Johor Bahru, Malaysia May 2018: Today will be the last border run into Singapore from my base here in Johor Bahru. Although I’ve been to Singapore a few times, this trip has seen me cover new ground, digging a little deeper into some neighbourhoods that have previously gone unnoticed. Now though it’s time to quit while I’m ahead as the saying go’s. Yes, the Immigration authorities at Woodlands are stepping up interrogations ahead of the impending North Korean/American meeting and to have a foreigner like me going back and forth like a yoyo will undoubtedly fray some official nerves. So, for the last border run, Changi Beach is the destination.
Once again Google has worked out a route – Woodlands to Bishan to Macpherson and the final MTR stop at Tampines East beore transferring to bus 9 or 29 to Changi Village. The track to Bishan is elevated overground giving one a view of modern Singapore. A skyline of government built flats along with a handful of private condominium towers is not an entirely unpleasant scene. Tastefully constructed without the density one sees in Hong Kong or Taipei for example. Clearly the redevelopment planners of Singapore have put a good deal of effort into making pleasant surroundings for its population of flat and apartment dwellers. Yes, the days of living in wooden houses on stilts in village communities have since long gone.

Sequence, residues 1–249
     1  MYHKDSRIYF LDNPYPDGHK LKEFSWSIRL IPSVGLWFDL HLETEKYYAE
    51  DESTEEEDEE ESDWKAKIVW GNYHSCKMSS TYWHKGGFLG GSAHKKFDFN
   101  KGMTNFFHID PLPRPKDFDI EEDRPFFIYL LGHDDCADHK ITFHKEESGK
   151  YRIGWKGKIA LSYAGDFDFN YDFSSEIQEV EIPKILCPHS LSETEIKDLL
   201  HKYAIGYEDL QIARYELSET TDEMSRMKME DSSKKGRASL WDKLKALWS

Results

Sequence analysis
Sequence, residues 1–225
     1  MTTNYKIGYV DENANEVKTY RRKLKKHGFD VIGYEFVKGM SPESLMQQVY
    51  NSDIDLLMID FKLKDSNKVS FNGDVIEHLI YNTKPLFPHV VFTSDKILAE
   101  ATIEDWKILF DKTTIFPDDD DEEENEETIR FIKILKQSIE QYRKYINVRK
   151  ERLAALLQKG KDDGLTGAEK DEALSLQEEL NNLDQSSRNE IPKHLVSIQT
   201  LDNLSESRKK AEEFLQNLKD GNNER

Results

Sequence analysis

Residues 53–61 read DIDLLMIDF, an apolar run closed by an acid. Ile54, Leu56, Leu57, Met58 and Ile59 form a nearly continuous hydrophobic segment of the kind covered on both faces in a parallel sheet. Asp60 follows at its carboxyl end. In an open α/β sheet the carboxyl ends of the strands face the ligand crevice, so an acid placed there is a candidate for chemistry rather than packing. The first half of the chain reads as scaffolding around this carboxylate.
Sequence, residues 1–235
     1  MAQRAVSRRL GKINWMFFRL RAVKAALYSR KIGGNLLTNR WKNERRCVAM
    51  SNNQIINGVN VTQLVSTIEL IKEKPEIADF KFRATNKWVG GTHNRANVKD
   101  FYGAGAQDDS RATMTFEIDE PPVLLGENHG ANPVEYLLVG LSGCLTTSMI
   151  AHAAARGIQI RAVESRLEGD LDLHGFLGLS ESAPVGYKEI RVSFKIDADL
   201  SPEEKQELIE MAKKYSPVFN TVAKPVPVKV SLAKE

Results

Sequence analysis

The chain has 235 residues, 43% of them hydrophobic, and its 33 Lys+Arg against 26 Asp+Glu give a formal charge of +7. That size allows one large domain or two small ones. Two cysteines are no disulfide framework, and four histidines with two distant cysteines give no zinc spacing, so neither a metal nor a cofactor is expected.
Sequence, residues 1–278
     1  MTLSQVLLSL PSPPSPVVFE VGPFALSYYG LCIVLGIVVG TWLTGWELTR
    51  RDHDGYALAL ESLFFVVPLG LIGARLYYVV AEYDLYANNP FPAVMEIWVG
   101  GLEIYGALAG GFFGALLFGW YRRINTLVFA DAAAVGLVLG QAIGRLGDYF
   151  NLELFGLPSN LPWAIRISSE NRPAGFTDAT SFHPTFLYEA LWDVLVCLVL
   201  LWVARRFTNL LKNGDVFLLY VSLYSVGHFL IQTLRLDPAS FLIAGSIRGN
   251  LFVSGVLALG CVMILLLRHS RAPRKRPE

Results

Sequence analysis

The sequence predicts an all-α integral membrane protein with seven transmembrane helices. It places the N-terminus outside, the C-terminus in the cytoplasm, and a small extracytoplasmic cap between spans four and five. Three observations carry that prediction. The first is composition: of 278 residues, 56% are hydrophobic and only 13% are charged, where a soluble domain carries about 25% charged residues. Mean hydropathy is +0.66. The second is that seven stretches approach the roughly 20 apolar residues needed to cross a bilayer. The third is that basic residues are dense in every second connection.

Back in history, Changi’s first generation redevelopment was as a Royal Air Force Station with its main runway close to the small Changi village and pretty soon the whole area became a British Military enclave, 1940’s to 1960’s. Today the village resembles nothing like its origins, the airbase as was has long gone, but its where the bus terminates and its where one accesses the beach via a giant food court. Since I’m feeling a little hungry now is a good time to grab some noodles before hitting the beach. The prices are good, the food is good too and the choice is mind-blowing.
As one stomps across the creek bridge its clear that Changi Beach Park is another of Singapore’s gem’s. Well laid out, super clean with amenities like showers, changing rooms and of course a pretty good beach, natural too according to google. On the left is Changi point where small boats ferry people back and forth to Ubin Island (Google Map). On the right is the Changi Creek and a small collection of fishing boats and straight ahead, a queue of planes lining up to land at the nearby Changi International Airport.
Midweek is a good time to visit Changi Beach if one is seeking solitude. Here, its just me and a few locals facing the Johor River estuary, while a handful of old timers shuffle between the stone seats set underneath the trees. Its pretty much the perfect spot if one likes to combine a trip to the beach with some plane spotting! The place is also good for those with an ornithological interest – green and white parakeets flit around in the tree tops as a woodpecker pecks happily at lower levels. Then there’s the ships slipping silently by, giants creating waves along the shoreline.
A decent beach away from tourist crowds. For bird spotters, ship spotters and plane spotters its the ideal spot! Those with energy to spare can take a coastal path walk towards Changi Beach Club looping back through the former Changi RAF camp where there are still plenty of colonial relics to be found. Wikipedia has a comprehensive historical write-up of Changi and its British associations and is worth the read, here